When you can’t decide between breakfast and dessert, choose a Vic’s Cafe affogato ($4). This simply brilliant combo of espresso poured over ice cream gains holiday cred when you ask for eggnog or peppermint ice cream. Italian for “drowned,” affogato forms a little floating island of ice cream amidst the bitter hot coffee. Start on the cafe side, where you get your cup, then go next door for the ice cream of your choice (prices vary) before pouring the espresso on top. Prego! 3193 Riverside Boulevard, AMR

Liquid courage

Hard Nut, Goldfield Trading Post

At some point during the holidays, almost everyone needs a little liquid courage. When that happens, sidle up to the bar at Goldfield Trading Post and order a Hard Nut ($8). A simple concoction of 100-proof Old Forester bourbon and Nocello walnut liqueur, it’s served neat to get straight to the point. The liqueur adds a nutty sweetness to balance the fiery whiskey. When family gets a little too cozy, make a quick “errand run” and throw back a shot of this. You’ll be back before they know it. 1630 J Street, AMR

Start the day (or night) right

Day Walker, Bottle & Barlow

With a spirit-driven flavor profile, the Day Walker ($12) warms up your insides in more than one way. Served hot, Bottle & Barlow’s spin on a hot buttered rum gives off the aroma of rooibos tea. That’s accented by herby Averna liqueur, peppermint and a little honey. A thin layer of melted butter rises to the top and leaves your lips slick and delicious after every sip. But unlike most hot buttered rums, the Day Walker is strong and light on sweetness. Go in wanting a mug of scotch, amplified and perfected for chilly nights. 1120 R Street, J.B.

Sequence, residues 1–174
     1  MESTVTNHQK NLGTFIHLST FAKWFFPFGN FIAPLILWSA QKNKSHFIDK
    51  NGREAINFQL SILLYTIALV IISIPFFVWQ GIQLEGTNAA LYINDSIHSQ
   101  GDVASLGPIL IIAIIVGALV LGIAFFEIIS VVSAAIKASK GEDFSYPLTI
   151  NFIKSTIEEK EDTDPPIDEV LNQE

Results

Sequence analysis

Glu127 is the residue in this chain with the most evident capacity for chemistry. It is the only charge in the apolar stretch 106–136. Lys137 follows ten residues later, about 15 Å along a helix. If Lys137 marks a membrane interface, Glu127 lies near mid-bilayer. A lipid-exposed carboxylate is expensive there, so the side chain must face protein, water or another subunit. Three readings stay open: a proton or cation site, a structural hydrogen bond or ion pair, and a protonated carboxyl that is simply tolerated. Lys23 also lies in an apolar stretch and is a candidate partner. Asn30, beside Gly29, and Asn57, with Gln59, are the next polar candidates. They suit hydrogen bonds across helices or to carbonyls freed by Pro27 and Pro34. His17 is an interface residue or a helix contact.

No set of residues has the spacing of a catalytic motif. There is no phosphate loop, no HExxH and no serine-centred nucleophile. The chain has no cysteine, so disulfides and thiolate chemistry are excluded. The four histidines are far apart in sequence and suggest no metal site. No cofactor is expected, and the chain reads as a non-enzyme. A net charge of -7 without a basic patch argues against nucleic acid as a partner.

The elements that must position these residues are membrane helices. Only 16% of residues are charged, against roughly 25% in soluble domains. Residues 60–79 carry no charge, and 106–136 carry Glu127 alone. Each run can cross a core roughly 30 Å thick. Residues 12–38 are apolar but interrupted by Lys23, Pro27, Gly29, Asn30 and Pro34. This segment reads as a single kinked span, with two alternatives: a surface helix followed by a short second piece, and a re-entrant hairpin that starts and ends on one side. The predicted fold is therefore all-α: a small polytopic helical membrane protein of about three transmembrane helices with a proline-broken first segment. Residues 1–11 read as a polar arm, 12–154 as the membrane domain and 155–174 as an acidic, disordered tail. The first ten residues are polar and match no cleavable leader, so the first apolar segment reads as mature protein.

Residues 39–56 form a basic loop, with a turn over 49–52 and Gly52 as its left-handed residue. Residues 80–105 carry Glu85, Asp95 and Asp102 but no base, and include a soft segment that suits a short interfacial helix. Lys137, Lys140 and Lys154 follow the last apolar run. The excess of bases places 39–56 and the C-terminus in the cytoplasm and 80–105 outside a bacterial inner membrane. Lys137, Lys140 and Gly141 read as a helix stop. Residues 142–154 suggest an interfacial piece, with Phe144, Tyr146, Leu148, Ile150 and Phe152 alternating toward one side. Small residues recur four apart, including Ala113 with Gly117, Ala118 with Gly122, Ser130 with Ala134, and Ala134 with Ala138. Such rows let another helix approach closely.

Smoke ’em if you got ’em

Smoking Jacket, Grange Restaurant & Bar

The Smoking Jacket ($19) at the Grange is a classy drink, and it serves two, so be sure to bring a date. The server brings a bottle partway filled with brandy, and filled out with a thick hickory smoke that looks like someone exhaled a drag of their cigarette into the bottle. Here’s how it goes down: The servers lays down two drinking glasses filled with dried apricots, lemon rinds, ice and other delicacies. After pouring you and your date some brandy, the flavors pop out. It’s sweet, sharp and warm, and that tangy hickory smoke pervades your taste buds in the best way possible. 926 J Street, A.C.

Like the Brits do

The London

Like a Manhattan, but with a touch of tea liqueur for a British bent. Start a batch of the liqueur now to serve these in December. 1/4 cup sugar and 1/4 cup water to a simmer. Let it cool. Combine 1 and 1/2 cups good vodka and 2 teaspoons Lady Grey tea leaves in a measuring cup and steep for 24 hours. Strain out the tea and stir in about 1/4 cup sugar syrup. Taste and adjust if needed; pour the alcohol into a bottle. Let it sit in a cool place to mature for one week.

To make a drink: In a cocktail shaker with ice, combine 2 ounces whiskey, 1 ounce tea liqueur, 1/2 ounce sweet vermouth and 4 drops orange bitters. Shake and strain them into a cocktail glass. Garnish with an orange twist. AMR